Tag: Bars

…How to control humidity

(Every Percussionist Should Know…)
…How humidity can be controlled.

It is humidity not temperature that has the biggest effect on the tuning of wooden note bars. If you ever read so-called “experts” stating the importance of temperature controlled environments with relation to the tuning of xylophones and marimbas, they are talking rubbish. There is a very simple experiment one can do to test the hypothesis; touch a xylophone bar then a glockenspiel note bar; which one is cold? You probably already know the answer – the glockenspiel bar is cold, but why? Glock notes are metal and metal is a conductor whereas wood is an insulator. This is why radiators are made from metal and window frames are made from wood (or should be).

At the extremes, temperature will have an effect on tuning, but that would be an extremely difficult experiment to isolate temperature from humidity. The main cause of atmospheric tuning related problems is humidity. The big word used is hygroscopic in relation to wood, which means that wood absorbs and releases moisture.

A rule of thumb is that hot things like wood and air, can hold more moisture than cold things. If you are that way inclined (and thankfully some people are) you could create a graph to define the maximum amount of moisture something could hold at any given temperature. The graph would depict 100% moisture content. This state is unlikely to happen to your xylophone or marimba, but they will contain a certain amount of moisture in relation its potential maximum, so this is known as relative humidity.

Finally, because wood is surrounded by air and it is hygroscopic, it will absorb or release moisture until it reaches the same relative humidity as the air. The video I made below explains the ramifications of this and what can be done to control it.


LP Xylophone Notes (Job No: 1242)

Out of the whole family of keyboard percussion instruments, xylophones suffer the most with going out of tune.  There are two reasons, first the note bars seasoning, second from being played.

Due to atmospheric changes wooden note bars absorb and release moisture, as the moisture leaves the wood, it takes a bit of matter with it, so the note will always go out of tune even if the instrument is not played.  However this is more evident in marimba bars which are wider, thinner and more extensively arched, whereas xylophone bars are more chunky and tuned to fifths, or should be, but more of that later.

When xylos are played, hard beaters are used, and these damage the surface of the note bar leaving indentations.  Therefore nothing harder than the note bar should be used to play it, so no hard plastic beaters if the piece has lots of fortississimo.  Furthermore the edges of the bars take a battering, and they become frayed.  When the bars are tuned, I have to remove this loose material, which further affects the tuning.  Eventually I run out of wood to tune the bars, or the internal structure of the wood has been softened or split thus killing the sound, so new bars need to be bought or made.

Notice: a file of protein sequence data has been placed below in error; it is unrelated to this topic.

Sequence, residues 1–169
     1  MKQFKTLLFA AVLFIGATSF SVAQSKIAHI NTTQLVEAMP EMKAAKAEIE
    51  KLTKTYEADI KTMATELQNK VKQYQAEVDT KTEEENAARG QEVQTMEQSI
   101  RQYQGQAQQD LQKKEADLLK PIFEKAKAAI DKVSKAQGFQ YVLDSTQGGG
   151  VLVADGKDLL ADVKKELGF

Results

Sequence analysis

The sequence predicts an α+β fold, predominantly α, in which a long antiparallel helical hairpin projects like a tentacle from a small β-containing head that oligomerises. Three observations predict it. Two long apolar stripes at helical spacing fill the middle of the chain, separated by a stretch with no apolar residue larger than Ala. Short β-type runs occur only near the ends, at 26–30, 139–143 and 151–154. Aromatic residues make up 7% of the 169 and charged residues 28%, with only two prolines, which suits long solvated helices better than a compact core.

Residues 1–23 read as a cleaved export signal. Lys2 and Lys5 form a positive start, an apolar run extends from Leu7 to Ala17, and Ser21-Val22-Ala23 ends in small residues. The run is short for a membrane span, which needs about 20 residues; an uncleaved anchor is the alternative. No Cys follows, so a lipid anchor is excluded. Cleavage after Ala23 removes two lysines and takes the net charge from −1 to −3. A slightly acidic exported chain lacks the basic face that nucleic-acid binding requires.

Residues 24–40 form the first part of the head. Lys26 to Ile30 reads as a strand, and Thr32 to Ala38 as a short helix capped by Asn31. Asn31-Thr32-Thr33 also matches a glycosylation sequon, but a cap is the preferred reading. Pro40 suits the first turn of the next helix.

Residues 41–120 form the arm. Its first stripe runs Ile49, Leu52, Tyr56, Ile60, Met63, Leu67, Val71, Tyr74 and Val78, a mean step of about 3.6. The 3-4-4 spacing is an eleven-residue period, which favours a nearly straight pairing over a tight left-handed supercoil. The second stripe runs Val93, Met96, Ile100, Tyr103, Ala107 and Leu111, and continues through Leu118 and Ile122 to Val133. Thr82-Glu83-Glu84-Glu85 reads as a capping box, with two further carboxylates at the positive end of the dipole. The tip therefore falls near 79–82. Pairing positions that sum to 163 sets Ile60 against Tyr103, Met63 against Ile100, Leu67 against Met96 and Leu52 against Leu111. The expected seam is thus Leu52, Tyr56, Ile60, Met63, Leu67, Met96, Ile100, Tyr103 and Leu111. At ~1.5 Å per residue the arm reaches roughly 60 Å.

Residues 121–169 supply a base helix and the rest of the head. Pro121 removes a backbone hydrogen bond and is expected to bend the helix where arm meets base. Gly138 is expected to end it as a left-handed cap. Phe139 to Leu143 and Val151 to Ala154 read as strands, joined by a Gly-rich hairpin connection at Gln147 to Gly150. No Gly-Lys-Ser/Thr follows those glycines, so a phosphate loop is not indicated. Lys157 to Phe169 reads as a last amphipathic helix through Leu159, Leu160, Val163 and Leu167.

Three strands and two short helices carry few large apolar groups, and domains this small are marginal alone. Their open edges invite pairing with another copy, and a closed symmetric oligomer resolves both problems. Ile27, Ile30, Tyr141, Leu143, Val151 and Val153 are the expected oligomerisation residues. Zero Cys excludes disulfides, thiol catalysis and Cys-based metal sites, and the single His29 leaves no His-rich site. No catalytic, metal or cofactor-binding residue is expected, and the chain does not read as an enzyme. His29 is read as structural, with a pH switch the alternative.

One last bit to finish off, there is a trend now in new instruments towards thinner bars which have been octave tuned as well as using cheaper woods like padouk.  Wrong, wrong, wrong!  Thinner bars don’t give the stacato sound of a xylophone, octave tuning just sounds wrong – a xylophone has a jarring sound, that is what it is for musically, and padouk is even more prone to damage and splitting.  So not only are they not xylophones, but more like piccolo marimbas, they will not last very long – years instead of decades!  Finally, because the bars are so thin, my job of retuning them is severely limited.

So lets get into the job.  First I get a plank of Honduras Rosewood that will do the job.

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This is then ripped to give me the width.  I got two lengths out of this plank which is enough to do all the notes.

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These batons are then cut down into the lengths required for the note bars, resulting in lots of sticks of wood.   I then plane to faces to get them flat and square.

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I can then thickness them to the correct width and depth.  I now have a pile of equally sized sticks of wood.

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The next job is to drill the holes for the note cord.  It takes ages to set the drill up so the notes are held in the correct place, and flat on the bed of the vice.  Getting the angle right is the easy bit (if you have the right equipment).  However once everything is set it is quick to drill all the sticks.

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I can now put the radius on the edges of the bars.

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Now I finally have note bar blanks which can be varnished and tuned.